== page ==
The eat local backlash has officially begun. It had to happen, of course; a movement does not rocket to popularity (locavore was 2007’s “word of the year,” according to the New Oxford American Dictionary folks) without creating a few enemies along the way.
One of those enemies is journalist Joel Stein. The writer was last seen in these pages taking former presidential candidate Tom Tancredo out for a Mexican meal. In the latest issue of Time Magazine, Stein pens a piece titled “Extreme Eating,” in which he fulminates about the antiglobalization bent of the locavore movement and creates a meal based on imported foods:
To prove how wrong the farm-to-table movement is, I cooked a dinner purely of farm-to-airplane food. Nothing I made was grown within 3,000 miles of where I live in Los Angeles. And to completely give the finger to the locavores, I bought the entire meal in the local-food movement’s most treasured supermarket, the one that has huge locally grown signs next to the fruits and vegetables: Whole Foods.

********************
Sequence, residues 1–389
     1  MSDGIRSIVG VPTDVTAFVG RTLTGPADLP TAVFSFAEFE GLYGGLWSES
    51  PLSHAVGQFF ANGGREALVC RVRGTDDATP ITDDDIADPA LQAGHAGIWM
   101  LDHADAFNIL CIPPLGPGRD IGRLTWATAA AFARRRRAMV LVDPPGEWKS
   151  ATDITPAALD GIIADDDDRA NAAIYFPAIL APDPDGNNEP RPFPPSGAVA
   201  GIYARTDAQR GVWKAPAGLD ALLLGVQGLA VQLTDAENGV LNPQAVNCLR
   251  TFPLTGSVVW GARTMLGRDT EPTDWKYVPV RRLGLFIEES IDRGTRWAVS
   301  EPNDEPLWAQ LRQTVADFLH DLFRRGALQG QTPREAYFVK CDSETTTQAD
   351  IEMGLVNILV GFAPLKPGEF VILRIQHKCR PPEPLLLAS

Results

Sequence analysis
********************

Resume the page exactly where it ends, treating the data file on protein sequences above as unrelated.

His meal of Spanish Marcona almonds, Chilean sea bass (a formerly problematic fish choice, though it’s still on Seafood Watch’s “avoid” list), Peruvian asparagus, and Hawaiian pineapple washed down with a nice French red may have been un-PC, but it was, he reports, delicious.
Maybe Stein is just trying to put the scales back in balance from the avalanche of press about people living for a year on 100-mile diets. Or maybe his rant is just the tip of the iceberg.